Watch below or click to view video on YouTube.

Music works

Motivating music tends to increase the intensity arousal, helping you as a runner to feel more excited and energetic. Remember, use music to your benefit. If you want to be feel calm, soothing music works, when you want to rev the engine, pump up the volume!

Listening to music while running is a tried and tested formula that, for a number of reasons, can boost your performance every time you go out. Rhythmic, energetic music will improve your coordination and help you to keep pace, also motivating you and boosting your energy – particularly when coupled with empowering and motivating lyrics. Above all, listening to music you enjoy while you run will improve your mood, increase your enjoyment levels and provide a distraction from the task at hand, increasing endurance and reducing the perception of fatigue.

The key, when you’re running is to do it safely, which is where AfterShokz and bone conduction technology come into play. Basically, you can listen to music and hear traffic at the same time. It works like this: When you eat cookies, the cracking sound you hear is creating by vibration traveling through your facial bones to your inner ears. Taking advantage of this natural phenomenon, bone conduction transducers guide micro-vibrations through your cheekbones to your inner ears, delivering sound without plugging or covering the ears themselves.
Watch below or click to view video on YouTube.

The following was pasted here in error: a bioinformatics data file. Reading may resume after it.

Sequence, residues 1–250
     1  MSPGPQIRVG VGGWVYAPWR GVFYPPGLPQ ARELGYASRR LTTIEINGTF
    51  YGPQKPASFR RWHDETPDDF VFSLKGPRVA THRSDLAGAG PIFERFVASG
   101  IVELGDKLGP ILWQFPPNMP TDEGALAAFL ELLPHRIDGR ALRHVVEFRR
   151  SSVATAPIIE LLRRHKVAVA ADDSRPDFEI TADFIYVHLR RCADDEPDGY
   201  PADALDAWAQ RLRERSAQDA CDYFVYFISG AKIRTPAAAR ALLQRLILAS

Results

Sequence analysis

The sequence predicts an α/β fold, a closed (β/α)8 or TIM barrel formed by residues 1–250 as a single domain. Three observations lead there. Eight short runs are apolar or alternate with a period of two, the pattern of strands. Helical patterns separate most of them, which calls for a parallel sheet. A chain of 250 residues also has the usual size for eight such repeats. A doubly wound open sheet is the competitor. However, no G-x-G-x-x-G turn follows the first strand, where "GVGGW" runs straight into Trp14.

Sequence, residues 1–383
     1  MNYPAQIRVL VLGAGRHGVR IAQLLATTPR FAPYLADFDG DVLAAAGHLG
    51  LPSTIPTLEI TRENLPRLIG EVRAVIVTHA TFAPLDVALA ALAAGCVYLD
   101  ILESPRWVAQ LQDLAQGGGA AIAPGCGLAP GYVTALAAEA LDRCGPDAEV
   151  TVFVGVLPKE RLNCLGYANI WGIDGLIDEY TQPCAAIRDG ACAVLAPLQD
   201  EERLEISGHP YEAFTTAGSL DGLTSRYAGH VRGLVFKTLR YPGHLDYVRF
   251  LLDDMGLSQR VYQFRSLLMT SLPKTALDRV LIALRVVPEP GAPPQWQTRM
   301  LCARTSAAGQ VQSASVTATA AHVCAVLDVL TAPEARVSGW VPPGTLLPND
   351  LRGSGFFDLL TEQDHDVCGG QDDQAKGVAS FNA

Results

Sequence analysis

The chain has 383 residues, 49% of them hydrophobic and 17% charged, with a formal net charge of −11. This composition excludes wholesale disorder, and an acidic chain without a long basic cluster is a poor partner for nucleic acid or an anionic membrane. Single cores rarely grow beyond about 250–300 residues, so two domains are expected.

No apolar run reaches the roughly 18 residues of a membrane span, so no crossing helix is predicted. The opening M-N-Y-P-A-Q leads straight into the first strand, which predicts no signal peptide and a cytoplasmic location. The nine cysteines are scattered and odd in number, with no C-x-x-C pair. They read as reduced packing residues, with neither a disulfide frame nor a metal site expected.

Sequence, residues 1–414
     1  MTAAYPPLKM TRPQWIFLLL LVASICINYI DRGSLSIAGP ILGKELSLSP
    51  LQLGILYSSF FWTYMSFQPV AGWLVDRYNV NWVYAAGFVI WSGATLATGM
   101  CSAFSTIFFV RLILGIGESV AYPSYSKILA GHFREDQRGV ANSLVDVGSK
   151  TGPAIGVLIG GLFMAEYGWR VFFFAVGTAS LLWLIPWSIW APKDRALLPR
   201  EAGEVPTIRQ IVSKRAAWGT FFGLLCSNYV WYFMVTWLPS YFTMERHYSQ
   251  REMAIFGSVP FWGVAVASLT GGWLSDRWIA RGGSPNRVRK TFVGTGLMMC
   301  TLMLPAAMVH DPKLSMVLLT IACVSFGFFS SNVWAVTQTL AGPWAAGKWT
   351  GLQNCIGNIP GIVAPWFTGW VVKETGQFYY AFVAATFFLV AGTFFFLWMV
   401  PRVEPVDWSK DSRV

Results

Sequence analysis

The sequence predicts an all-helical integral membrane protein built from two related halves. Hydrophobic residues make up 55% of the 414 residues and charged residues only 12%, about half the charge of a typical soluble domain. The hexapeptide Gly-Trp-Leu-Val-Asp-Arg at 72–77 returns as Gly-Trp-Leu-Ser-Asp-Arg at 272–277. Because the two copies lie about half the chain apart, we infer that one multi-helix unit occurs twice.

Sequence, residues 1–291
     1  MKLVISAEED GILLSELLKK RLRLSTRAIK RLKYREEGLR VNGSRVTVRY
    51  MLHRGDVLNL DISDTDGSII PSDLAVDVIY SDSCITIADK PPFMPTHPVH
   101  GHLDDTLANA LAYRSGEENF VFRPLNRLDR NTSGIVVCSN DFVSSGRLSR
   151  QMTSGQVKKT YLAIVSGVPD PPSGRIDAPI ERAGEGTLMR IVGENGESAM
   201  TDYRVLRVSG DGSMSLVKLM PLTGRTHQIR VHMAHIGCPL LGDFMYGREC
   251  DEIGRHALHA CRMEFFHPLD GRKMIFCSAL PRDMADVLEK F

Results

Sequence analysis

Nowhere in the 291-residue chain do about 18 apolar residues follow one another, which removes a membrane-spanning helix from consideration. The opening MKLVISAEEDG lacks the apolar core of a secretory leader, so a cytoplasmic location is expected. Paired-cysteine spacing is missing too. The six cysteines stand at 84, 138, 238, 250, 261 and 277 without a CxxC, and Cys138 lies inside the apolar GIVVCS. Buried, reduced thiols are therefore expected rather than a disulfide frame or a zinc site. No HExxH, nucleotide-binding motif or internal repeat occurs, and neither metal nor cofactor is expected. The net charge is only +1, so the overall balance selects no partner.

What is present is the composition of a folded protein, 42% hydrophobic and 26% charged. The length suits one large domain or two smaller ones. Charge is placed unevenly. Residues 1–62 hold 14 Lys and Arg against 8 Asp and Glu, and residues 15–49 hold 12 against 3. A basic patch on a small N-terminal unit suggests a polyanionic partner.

Click here to find out more about AfterShokz products.

Sunlight / vitamin D

As runners we naturally seem to understand the importance of being outside, but an interesting problem could  occur this summer if we’re not careful – reduced sunlight as we stay at home more. With that in mind, Public Health England (PHE) has reissued its recommendation for vitamin D supplementation, advising that we should all consider taking a 10 microgram vitamin D supplement throughout spring and summer while the lockdown continues, because we may not be getting enough vitamin D from sun exposure. PHE’s advice on vitamin D is not about preventing coronavirus but for maintaining muscle and bone health.

Sara Stanner, Science Director, BNF (British National Formulary) explains: “In normal circumstances, at this time of year the warmer weather means we may get outdoors more often for walks, picnics in the park or trips to the beach. Unfortunately, as the effects of coronavirus continue, many of us are limited in the time we can spend outdoors. Correctly abiding by government rules and staying at home is immensely important and, while many of us have limited access to sunlight, this means we need to take a little extra care to keep our vitamin D levels healthy. If you’re purchasing supplements, it’s important not to buy more than you need to help keep supplies of supplements available for everyone.”